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What PR People Can Learn From BP

Let’s get one thing straight. The Gulf Oil spill isn’t a PR problem. It’s an environmental disaster that no PR team, no matter how skilled, could clean up. The public relations crisis comes with BP’s lack of preparedness for the gusher, and with the communications in its wake. But, all calamities offer learnings. What lessons can we extract from BP’s mishandling of the crisis? 

Stick to the script. Actually, have a script. It’s bad enough that BP can’t stem the flow of oil. But it should be able to stop the hemorrhage of insensitive comments from senior management. In my experience, some executives just aren’t good off the cuff, or under extreme stress. Others are simply tone deaf. But, even oratorically gifted officers shouldn’t speak in front of cameras without rigorous preparation. Hayward should be given 4-5 key points to make with the press, with no deviation.

Vet all messages. Chairman Carl-Henric Svanberg ‘s reference to the “small people” of the Gulf didn’t strike me as an accident of translation. His comment came during prepared remarks delivered at the White House Rose Garden, not an ad-hoc interview. Both Svanberg’s robotic speech, which the Wall Street Journal likened to Arnold Schwarzenegger in his prime, and his choice of words, were evidence of not just a clueless crisis response, but a lack of message review. That’s hard to excuse two months after the accident.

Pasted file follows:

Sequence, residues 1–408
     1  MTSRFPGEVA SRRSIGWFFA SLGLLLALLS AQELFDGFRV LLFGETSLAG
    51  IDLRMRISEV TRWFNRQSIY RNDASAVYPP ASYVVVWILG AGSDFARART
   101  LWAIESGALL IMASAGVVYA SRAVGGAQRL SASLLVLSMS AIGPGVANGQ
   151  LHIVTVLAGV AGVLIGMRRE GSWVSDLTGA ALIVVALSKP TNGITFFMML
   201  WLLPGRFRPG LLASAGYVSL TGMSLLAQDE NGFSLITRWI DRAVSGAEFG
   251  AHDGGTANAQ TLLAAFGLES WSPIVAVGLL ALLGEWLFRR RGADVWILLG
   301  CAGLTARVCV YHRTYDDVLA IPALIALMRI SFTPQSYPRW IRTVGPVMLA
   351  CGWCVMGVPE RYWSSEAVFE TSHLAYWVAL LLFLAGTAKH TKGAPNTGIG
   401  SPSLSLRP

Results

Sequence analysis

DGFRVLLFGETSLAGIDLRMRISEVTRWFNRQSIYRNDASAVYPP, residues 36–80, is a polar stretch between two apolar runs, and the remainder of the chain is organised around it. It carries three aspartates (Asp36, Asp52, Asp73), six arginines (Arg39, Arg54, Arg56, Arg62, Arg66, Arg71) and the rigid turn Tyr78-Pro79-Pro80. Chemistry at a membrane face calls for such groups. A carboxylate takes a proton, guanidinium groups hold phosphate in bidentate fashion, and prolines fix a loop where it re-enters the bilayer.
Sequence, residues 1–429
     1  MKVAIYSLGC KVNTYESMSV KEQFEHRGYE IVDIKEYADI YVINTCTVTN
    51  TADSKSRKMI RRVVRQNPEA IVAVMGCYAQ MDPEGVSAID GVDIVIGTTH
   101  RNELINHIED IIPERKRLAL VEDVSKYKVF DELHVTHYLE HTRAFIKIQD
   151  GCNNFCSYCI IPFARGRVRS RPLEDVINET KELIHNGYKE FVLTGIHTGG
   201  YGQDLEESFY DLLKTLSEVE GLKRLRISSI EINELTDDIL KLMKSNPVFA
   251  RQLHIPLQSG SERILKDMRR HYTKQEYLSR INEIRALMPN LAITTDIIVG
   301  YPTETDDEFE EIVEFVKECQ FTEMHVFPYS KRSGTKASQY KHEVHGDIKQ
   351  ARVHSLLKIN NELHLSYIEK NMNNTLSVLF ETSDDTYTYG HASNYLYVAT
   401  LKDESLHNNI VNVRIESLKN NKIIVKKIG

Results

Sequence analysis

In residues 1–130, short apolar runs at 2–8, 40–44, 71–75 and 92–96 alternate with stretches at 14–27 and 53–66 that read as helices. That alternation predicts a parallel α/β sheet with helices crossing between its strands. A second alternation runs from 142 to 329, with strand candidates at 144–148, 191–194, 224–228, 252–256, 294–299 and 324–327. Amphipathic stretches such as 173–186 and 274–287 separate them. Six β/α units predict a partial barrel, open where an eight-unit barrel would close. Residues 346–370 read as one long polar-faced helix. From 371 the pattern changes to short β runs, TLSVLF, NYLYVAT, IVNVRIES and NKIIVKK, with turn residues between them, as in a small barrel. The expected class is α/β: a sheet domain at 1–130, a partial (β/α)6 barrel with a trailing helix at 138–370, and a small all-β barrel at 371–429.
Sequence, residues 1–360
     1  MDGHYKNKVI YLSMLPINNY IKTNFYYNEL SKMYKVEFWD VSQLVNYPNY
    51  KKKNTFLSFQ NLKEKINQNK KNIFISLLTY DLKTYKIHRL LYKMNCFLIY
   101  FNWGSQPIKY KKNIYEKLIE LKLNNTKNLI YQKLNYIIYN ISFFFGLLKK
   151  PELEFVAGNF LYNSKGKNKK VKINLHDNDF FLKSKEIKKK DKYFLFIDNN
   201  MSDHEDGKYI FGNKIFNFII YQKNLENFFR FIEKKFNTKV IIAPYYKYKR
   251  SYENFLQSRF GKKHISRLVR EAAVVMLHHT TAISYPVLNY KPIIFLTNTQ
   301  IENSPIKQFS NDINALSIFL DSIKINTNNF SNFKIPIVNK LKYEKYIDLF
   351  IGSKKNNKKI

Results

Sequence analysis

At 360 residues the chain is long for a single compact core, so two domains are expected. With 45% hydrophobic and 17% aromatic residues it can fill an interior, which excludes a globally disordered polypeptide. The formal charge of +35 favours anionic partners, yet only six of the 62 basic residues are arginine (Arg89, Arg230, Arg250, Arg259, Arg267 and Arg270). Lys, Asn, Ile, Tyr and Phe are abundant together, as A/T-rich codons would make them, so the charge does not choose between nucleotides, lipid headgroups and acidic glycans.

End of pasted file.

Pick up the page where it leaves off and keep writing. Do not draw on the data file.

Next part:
Have a go-to guy. For a disaster of the spill’s magnitude, CEO involvement is critical. But, where there’s latitude, CEOs should be used sparingly. It’s also advisable to show executive and technical bench strength. At first, BP actually succeeded on this front by giving Doug Suttles, who’s in charge of exploration and production, a prominent role in interviews on the containment efforts at the accident site. Suttles came across as credible and competent when he stuck to technical progress updates. He didn’t do as well with questions on spill preparation.

Don’t crowsource solutions. Some will argue with me, but I don’t think it was a wise strategic move to open up the problem to suggestions from the public on the BP website. Though the outpouring of ideas provided comic relief  (duct tape, anyone?), the whole thing raised questions about BP’s competence at exactly the wrong time. 

Focus on people. University of Kentucky’s Timothy Sellnow points out that, like Exxon before it, BP may have placed too much emphasis on the engineering challenge of containment rather than the human impact. Though the focus was natural, the story became the “solution of the week,” which BP could not control. An equal emphasis on helping the, um, “small people,” would have been better, since that’s something the company can actually do.

Don’t call the game until it’s over. BP has repeatedly predicted success for its efforts to stop the gusher, and it loses credibility with each attempt. Expectations management applies here. Even President Obama’s pledge that the Gulf will be “in better shape than it was” before the spill sounds quixotic right now.

Don’t try to minimize the damage. No one wants to reinforce the negative, but there are ways of expressing remorse and resolve that don’t rub salt in the wound. Reminding us that “it’s a big ocean” isn’t one of them. And, as a rule, where lives – and livelihoods – are lost, it’s impossible to overestimate the pain.